Last, Defendant’s use of PETA’s Mark did cause confusion. Doughney copied the Mark identically. This creates a presumption of likelihood of confusion among internet users as a matter of law. In addition, there was evidence of actual confusion by those using the internet who were trying to locate PETA and instead found Doughney’s web site.

Doughney’s web site certainly dilutes the Mark of PETA. To win on summary judgment for a claim for dilution under 15 U.S.C. §1125 (c)(1), Plaintiff must show that the undisputed facts demonstrate that Defendant’s use of “PETA.ORG” diluted the PETA Mark’s distinctive quality. Dilution is “the lessening of the capacity of a famous mark to identify and distinguish goods or services, regardless of the presence or absence of (1) competition between the owner of the famous mark and other parties, or (2) likelihood of confusion, mistake or deception.” Dilution can occur by “tarnishment” or “blurring.”

Defendant is guilty of “blurring” the famous PETA Mark because (1) Defendant used the identical PETA Mark to mentally associate PETA.ORG to the PETA Mark; and (2) such use caused; (3) actual economic harm to the PETA Mark by lessening its selling power as an advertising agent for PETA’s goods and services. Doughney’s site included materials antithetical to the purpose and message of PETA in that “PETA.ORG” included links to commercial enterprises engaged in conduct directly contrary to PETA’s animal protection efforts.

PETA is also entitled to Summary Judgment under the Anticybersquatting Consumer Protection Act (“ACPA”), 15 U.S.C. § 1125 (d)(1)(A). To succeed on Summary Judgment, Plaintiff must show that Defendant (1) has a bad faith intent to profit from using “PETA.ORG;” and (2) the “PETA.ORG” domain name is identical or confusingly similar to, or dilutive of, the distinctive and famous PETA Mark. The second element has been proved for reasons stated above. As to the first element, under the ACPA, there are nine factors a court must consider in making a determination of whether the Defendant had a bad faith intent. Applying these factors, it appears that Doughney had the requisite bad faith intent.

First, Defendant possessed no intellectual property rights in “PETA.ORG” when he registered the domain name in 1995. Second, the “PETA.ORG” domain name is not the Defendant, Michael T. Doughney’s legal name or any name that is otherwise used to identify the Defendant. Third, Defendant had not engaged in prior use of the “PETA.ORG” domain name in connection with the bona fide offering of any goods or services prior to registering “PETA.ORG.” Fourth, Defendant used the PETA Mark in a commercial manner. Fifth, Defendant clearly intended to confuse, mislead and divert internet users into accessing his web site which contained information antithetical and therefore harmful to the goodwill represented by the PETA Mark. Sixth, on Doughney’s “PETA.ORG” web site, Doughney made reference to seeing what PETA would offer him if PETA did not like his web site. Seventh, Defendant, when registering the domain name “PETA.ORG,” falsely stated that “People Eating Tasty Animals” was a non-profit educational organization and that this web site did not infringe any trade mark. Eighth, Defendant has registered other internet domain names which are identical or similar to either marks or names of famous people or organizations he opposes. Ninth, the PETA Mark used in the “PETA.ORG” domain name is distinctive and famous and was so at the time Defendant registered this site in September 1995.

Doughney contends there is no infringement in that his web site was a parody. A parody exists when two antithetical ideas appear at the same time. In this instance, an internet user would not realize that they were not on an official PETA web site until after they had used PETA’s Mark to access the web page “” Only then would they find Doughney’s People Eating Tasty Animals. Doughney knew he was causing confusion by use of the Mark and admitted that it was “possible” that some internet users would be confused when they activated “PETA.ORG” and found the “People Eating Tasty Animals” web site. He also admitted that “many people” would initially assume that they were accessing an authentic PETA web site at “” Only after arriving at the “PETA.ORG” web site could the web site browser determine that this was not a web site owned, controlled or sponsored by PETA. Therefore, the two images: (1) the famous PETA name and (2) the “People Eating Tasty Animals” web site was not a parody because not simultaneous.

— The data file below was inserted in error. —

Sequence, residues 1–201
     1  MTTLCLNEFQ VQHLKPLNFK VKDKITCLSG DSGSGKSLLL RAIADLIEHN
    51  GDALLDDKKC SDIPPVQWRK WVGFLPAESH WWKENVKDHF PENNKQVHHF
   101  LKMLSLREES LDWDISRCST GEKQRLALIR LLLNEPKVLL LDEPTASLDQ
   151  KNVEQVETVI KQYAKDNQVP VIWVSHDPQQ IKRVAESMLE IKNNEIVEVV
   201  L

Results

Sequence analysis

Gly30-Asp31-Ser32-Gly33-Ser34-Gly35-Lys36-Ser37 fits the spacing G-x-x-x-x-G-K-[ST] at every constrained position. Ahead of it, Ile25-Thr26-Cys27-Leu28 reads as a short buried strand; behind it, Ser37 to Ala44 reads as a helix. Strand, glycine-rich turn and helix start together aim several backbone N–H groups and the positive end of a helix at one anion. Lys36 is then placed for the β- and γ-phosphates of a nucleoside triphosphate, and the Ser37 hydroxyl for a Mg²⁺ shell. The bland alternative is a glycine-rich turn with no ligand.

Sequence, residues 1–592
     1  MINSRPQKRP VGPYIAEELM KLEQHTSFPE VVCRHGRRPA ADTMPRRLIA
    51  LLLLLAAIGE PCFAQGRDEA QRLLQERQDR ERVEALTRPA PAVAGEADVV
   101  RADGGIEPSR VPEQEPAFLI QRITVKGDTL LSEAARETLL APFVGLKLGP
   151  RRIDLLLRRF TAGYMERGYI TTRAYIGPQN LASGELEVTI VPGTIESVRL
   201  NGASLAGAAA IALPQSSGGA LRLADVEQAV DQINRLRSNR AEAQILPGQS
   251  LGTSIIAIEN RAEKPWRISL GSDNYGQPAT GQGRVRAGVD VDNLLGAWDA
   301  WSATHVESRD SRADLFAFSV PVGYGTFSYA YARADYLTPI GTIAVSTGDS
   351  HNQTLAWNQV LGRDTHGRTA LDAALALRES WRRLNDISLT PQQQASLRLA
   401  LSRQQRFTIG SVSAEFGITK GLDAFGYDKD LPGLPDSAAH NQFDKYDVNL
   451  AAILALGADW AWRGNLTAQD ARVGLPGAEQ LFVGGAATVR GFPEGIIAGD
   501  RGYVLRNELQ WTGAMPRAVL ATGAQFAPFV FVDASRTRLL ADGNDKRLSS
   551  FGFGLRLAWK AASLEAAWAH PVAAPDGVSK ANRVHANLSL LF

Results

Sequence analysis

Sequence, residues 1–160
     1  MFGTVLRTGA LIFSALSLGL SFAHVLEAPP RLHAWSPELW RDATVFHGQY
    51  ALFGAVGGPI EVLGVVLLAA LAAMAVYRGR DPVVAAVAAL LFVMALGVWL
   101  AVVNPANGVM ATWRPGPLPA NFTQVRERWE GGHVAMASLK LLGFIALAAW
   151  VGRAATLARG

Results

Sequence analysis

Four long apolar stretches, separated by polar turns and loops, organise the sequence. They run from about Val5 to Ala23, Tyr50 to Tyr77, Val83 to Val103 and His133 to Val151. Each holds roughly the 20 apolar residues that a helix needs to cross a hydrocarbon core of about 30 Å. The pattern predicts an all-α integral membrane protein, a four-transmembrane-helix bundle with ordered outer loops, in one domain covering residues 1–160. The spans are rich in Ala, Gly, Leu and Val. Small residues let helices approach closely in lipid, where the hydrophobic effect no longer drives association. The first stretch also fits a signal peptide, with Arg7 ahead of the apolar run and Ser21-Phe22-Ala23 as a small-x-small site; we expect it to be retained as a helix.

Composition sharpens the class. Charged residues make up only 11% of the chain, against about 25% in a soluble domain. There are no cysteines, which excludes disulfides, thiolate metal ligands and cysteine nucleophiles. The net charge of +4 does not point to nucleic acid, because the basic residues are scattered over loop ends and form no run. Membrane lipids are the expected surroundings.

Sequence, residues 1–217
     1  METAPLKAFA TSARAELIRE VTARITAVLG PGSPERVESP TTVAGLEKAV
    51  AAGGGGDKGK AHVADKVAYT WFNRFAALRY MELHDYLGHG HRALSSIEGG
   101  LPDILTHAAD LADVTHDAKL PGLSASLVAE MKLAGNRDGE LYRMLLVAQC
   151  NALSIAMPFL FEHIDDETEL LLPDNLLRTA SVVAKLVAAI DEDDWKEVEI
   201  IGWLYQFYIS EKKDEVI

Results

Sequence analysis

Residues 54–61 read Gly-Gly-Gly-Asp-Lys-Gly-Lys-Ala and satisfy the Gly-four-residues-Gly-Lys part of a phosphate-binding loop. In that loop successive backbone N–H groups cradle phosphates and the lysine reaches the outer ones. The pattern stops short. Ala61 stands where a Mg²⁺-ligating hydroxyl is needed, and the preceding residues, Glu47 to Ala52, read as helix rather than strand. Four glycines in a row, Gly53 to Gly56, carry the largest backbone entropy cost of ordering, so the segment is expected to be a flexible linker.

The Defendant’s affirmative defense of trademark misuse is inapplicable. In 1998, PETA registered the domain names “,” “,” and “” Each web site contained messages from PETA criticizing Ringling Bros.-Barnum & Bailey Combined, Vogue Magazine and Procter & Gamble Company for mistreatment of animals. In each instance, “ringlingbrothers,” “voguemagazine” and “pginfo” were not and are not registered trademarks. PETA received complaints from Conde Nast Publications that owns Vogue Magazine and from the Ringling Bros.-Barnum & Bailey Combined Shows regarding PETA’s web sites bearing their names. In each case, PETA voluntarily and immediately assigned the domain names to the complaining party. At no time did PETA receive any correspondence of any kind from Procter & Gamble Company complaining about PETA’s registration and use of the internet domain name “” Doughney had no relation to any of these web sites and suffered no damages from PETA’s operation of any of these web sites.

Defendant’s affirmative defense is based in part on a constitutional argument. Doughney contends that this case is an attempt to quash his First Amendment rights to express disagreement with their organization. PETA does not seek to keep Doughney from criticizing PETA. They ask that Doughney not use their mark. When Network Solutions, Inc. placed “PETA.ORG” on “hold” status, Doughney transferred the entire web page to one of his other internet sites, “” PETA has not complained about that web site and even concedes that Doughney has a right to criticize PETA or any organization.

Defendant also raises as a his trademark misuse affirmative defense an “unclean hands” argument. However, the doctrine of unclean hands applies only with respect to the right in suit. What is material is not that the plaintiff’s hands are dirty, but that he dirtied them in acquiring the right he now asserts. The purported grounds for Defendant’s “unclean hands” - i.e. PETA’s disputes with Ringling Bros. and Vogue, and PETA’s web site that is critical of Procter & Gamble - are not at issue in this suit and thus, are not properly the subject of an unclean hands defense.

As PETA has proven its case for its infringement and dilution claims and Doughney can offer no viable defenses to PETA’s claims, Summary Judgment should be granted in favor of PETA.